USC can’t keep up with Michigan State in first-round NCAA tournament loss

USC guard Boogie Ellis tugs on his shorts in front of the Trojans bench
USC guard Boogie Ellis waits to leave the game in the final minute of the Trojans’ first-round NCAA tournament loss to Michigan State on Friday in Columbus, Ohio.
(Michael Conroy / Associated Press)
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A season spent climbing back from the brink, scratching and clawing its way from one week to the next, had given USC every reason to believe it could circumvent whatever setbacks might still stand in its way. So often had it survived slow starts or prolonged slumps that comebacks had come to seem like second nature for the Trojans, whose coach had recently called them his most improved in a decade.

But there were no footholds to be found Friday, or any emergency plans to put into motion. Months spent tempting fate finally foiled USC, which fell in the first round of the NCAA tournament to Michigan State, 72-62.

For the second consecutive season, the answers to what ailed the Trojans eluded them at the worst possible time, with their NCAA tournament lives on the line.


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“It’s just how the ball rolls sometimes in March,” senior guard Drew Peterson said.

This loss wasn’t a matter of a few bad bounces, though. It was a summation of all of USC’s worst tendencies this season, neatly packaged into a devastating defeat.

The Trojans once again started slow, digging themselves an 11-point hole early. Then, after finishing the first half on a tear, they settled for too many bad shots and sloppy possessions in the second, shooting 11 of 32 after the half. They gave the ball away 11 times, too, handing Michigan State 16 extra points off turnovers.

Michigan State guard Tyson Walker flexes in front of USC's Tre White during an NCAA tournament game
Michigan State guard Tyson Walker flexes in front of USC’s Tre White during an NCAA tournament game March 17 in Columbus, Ohio.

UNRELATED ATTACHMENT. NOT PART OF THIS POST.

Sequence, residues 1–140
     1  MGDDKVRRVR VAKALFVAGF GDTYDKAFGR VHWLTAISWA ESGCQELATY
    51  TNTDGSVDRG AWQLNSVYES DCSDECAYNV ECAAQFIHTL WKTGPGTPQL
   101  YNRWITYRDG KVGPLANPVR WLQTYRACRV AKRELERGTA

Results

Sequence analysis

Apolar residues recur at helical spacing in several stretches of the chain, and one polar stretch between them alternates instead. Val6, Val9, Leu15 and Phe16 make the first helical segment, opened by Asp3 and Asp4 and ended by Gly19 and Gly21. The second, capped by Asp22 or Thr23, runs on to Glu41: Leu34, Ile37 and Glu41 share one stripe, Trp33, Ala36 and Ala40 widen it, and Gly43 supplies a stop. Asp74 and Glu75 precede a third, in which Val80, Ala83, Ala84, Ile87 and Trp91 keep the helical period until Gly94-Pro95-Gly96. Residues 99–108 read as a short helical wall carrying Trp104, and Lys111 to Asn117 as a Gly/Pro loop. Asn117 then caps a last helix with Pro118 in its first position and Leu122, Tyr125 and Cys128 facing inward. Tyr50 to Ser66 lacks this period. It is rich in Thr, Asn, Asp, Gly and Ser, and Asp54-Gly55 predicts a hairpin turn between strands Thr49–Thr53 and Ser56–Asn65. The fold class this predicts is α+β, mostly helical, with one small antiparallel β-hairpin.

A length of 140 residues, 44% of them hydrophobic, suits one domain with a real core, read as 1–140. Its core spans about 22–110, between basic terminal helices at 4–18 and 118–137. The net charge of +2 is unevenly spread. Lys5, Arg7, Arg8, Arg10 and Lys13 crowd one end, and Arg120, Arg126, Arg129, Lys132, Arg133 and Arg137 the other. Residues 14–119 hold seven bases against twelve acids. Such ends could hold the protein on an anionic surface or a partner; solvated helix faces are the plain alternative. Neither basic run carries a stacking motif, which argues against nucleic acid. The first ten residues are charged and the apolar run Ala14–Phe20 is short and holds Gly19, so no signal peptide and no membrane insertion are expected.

(Paul Sancya / Associated Press)

It was an all-too-familiar stretch for USC. Yet coach Andy Enfield didn’t seem to think it warranted any offseason soul-searching about his offensive philosophy.

“It’s hard to not make timely shots and turn the ball over,” Enfield said. “It was our guys losing the ball. The scoring droughts are usually either you miss open shots or guys try to do too much on their own, one-on-one, instead of just moving the ball and spacing and cutting. I know there’s a lot of pressure on these guys. The second half we got down. It is frustrating at times throughout the season. But for the most part our guys played the right way.”


It didn’t help that its leading scorer hit a wall when he was needed most. Boogie Ellis had been the engine of the Trojans’ offense for the last two months, averaging better than 22 points over his last dozen games.

His late-season breakout offered hope that USC might catch fire down the stretch, but it would take 17 minutes before USC’s senior point guard scored Friday.

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With Michigan State focused on shutting down Ellis and clogging the passing lanes, he never found his footing. Ellis finished with just six points, while shooting 3 of 12 from the field, a letdown performance eerily reminiscent of last March, when he struggled and was benched in USC’s first-round loss to Miami.

It was hardly the way Ellis or Peterson, who scored 11, hoped to close out their tenures as Trojans.

“I let my teammates down today,” Ellis said. “I played too fast today. I didn’t change my pace all year. I play with a great pace. But today I played a little bit too fast. So that’s on me.”

He wasn’t the only one who had trouble adjusting. After a week of preparing for Michigan State to fire away from the three-point arc, USC was confounded when the Spartans spent most of their time attacking the paint.

Few teams had defended the interior better this season than USC, but as the Trojans focused on guarding Spartans at the arc, Michigan State had little trouble working it inside where it scored 32 points, among the most any team has managed against USC this season.


“Points in the paint were significant,” Enfield said.

USC found some offense of its own on the interior as Joshua Morgan unexpectedly stepped into a scoring role in the first half. Morgan scored eight straight on four consecutive possessions, leaving the big man exhausted, barely able to stand during the ensuing timeout.

The burst from Morgan kept USC afloat for a while, but the Trojans never found the same energy again. As Michigan State came out of the half hot, making seven of 11 from the field, USC again fell into a slump. During a four-minute scoreless stretch later in the half, the Trojans turned the ball over three times in three minutes, the last of which led to a breakaway Spartan bucket.

With a 15-point Michigan State lead intact, the sea of green and white that had taken over Nationwide Arena roared in unison.

Any hope of a comeback was soon swallowed by the Spartans and their raucous faithful. Still, Kobe Johnson tried his best to whip one up, knocking down consecutive three-pointers late to cut the lead to nine. Michigan State responded by missing three straight front-ends of one-and-one free throws, giving the Trojans a sliver of hope with two minutes remaining.

Yet the comebacks that USC had conjured all season had, by that point, been exhausted. The Trojans missed their next four shots, finally done in by the obstacles they’d so often overcome this season.